Nebraska law requires its drivers to carry car insurance up to certain limits. Failure to comply with this law is a Class II Misdemeanor and can be very costly. While most people understand that they must carry car insurance, few understand the ins and outs of their insurance policies.
If you take a look at your Declarations Page, you will see various policy coverages, including bodily injury liability, property damage liability, uninsured motor vehicle, underinsured motor vehicle, and medical payments. In Nebraska, drivers are required to carry policies for the following minimums:
- $25,000 bodily injury per person per accident;
- $50,000 bodily injury for all persons per accident;
- $25,000 property damage liability;
- $25,000 uninsured motorist bodily injury liability; and
- $50,000 underinsured motorist bodily injury coverage.
Bodily Injury Liability
Bodily Injury Liability refers to what your insurance will pay the other vehicle’s driver and passengers if they are physically injured. Bodily Injury Liability will pay for medical bills and pain and suffering for any occupants in the other vehicle. There are two separate coverage limits. The smaller number refers to the liability limits for physical injuries when the other vehicle only has one passenger. The larger number refers to the liability limits for physical injury when the other vehicle has more than just the driver. For example, if you carry the minimum of $25,000 per person per accident, your insurance will pay the other driver up to $25,000 towards his or her injuries.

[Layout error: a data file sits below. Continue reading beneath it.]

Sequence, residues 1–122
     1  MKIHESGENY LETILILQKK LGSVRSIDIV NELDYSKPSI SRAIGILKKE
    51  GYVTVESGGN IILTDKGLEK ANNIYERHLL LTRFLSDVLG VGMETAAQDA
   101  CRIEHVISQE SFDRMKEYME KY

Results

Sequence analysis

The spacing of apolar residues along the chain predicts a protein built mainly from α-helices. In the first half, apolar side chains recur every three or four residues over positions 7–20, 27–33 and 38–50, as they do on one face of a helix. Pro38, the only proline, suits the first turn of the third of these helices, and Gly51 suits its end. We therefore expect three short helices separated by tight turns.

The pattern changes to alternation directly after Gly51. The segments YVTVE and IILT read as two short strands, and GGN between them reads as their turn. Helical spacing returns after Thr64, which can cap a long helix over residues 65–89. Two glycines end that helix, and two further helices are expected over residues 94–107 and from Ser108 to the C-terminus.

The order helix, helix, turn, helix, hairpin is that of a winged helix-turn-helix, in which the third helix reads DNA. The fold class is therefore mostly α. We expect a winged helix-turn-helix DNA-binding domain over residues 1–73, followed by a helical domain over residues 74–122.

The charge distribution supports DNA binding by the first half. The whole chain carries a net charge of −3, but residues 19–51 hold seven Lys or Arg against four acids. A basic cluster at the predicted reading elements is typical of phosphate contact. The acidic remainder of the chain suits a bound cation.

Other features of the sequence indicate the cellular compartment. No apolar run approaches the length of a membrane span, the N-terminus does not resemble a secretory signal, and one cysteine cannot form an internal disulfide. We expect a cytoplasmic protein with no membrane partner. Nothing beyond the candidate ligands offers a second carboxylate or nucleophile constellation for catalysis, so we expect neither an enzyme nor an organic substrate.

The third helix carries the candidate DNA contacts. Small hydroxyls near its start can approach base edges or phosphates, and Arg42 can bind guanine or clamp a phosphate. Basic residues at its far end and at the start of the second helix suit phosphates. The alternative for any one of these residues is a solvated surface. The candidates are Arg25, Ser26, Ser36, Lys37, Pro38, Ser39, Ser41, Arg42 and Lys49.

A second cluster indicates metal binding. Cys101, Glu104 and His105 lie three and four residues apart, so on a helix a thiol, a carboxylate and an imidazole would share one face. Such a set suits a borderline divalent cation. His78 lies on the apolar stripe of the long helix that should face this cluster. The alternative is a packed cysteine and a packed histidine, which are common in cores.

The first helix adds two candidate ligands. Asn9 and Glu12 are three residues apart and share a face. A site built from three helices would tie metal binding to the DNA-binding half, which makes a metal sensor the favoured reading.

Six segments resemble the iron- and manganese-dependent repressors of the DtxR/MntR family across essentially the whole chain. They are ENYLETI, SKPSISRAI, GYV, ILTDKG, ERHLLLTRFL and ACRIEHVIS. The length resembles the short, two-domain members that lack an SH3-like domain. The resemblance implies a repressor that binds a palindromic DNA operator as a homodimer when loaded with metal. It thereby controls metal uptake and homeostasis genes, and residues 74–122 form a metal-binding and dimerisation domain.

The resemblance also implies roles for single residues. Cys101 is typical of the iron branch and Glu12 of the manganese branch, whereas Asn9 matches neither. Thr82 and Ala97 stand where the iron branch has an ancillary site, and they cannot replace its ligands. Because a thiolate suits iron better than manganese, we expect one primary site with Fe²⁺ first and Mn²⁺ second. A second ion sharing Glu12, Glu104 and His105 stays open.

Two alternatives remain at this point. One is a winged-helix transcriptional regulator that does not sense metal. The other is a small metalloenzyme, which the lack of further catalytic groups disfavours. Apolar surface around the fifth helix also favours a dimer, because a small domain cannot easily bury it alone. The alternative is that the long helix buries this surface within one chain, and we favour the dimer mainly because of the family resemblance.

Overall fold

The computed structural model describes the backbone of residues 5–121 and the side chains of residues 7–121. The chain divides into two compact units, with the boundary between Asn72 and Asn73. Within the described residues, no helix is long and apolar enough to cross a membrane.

Property Damage Liability
Property Damage Liability refers to the damage to vehicles. This can include something as simple as a small scratch or dent or can include the cost of replacing the vehicle. There are two types of Property Damage Liability: Collision and Comprehensive. Collision refers to damage caused by a car crash. Comprehensive refers to damage caused by something other than a car crash, like theft, vandalism, and hail.
Uninsured and Underinsured Bodily Liability
These types of coverage protect you as the policy holder. If you are injured in a car crash and the other driver is at fault, you will be protected up to the other driver’s policy limits. Uninsured (UM) refers to other drivers who have no car insurance at all. Underinsured (UIM) refers to situations where the other driver’s policy limits do not fully reimburse you for your medical bills and damages. If you sue the other driver and win a verdict larger than the other driver’s policy limits, the insurance company will still only pay up that limit. If the at-fault driver has assets, like a house with equity or vehicles without liens, you can collect from the at-fault driver. Unfortunately, most people have more debt than assets. Your UIM policy can cover what’s left after the at-fault driver’s insurance is exhausted.
You may also have a policy that includes coverage for medical payments. This is separate from Bodily Injury Liability and is frequently referred to as “med pay.” Med pay coverage policy limits are usually $5,000.00, but can be more. Med pay will cover your medical bills and any of your passengers’ medical bills (up to the policy limits) regardless of who is at fault.
If you have been injured in a car crash, our attorneys are experienced in helping injured people get the compensation they deserve. Call us for a free consultation at our office.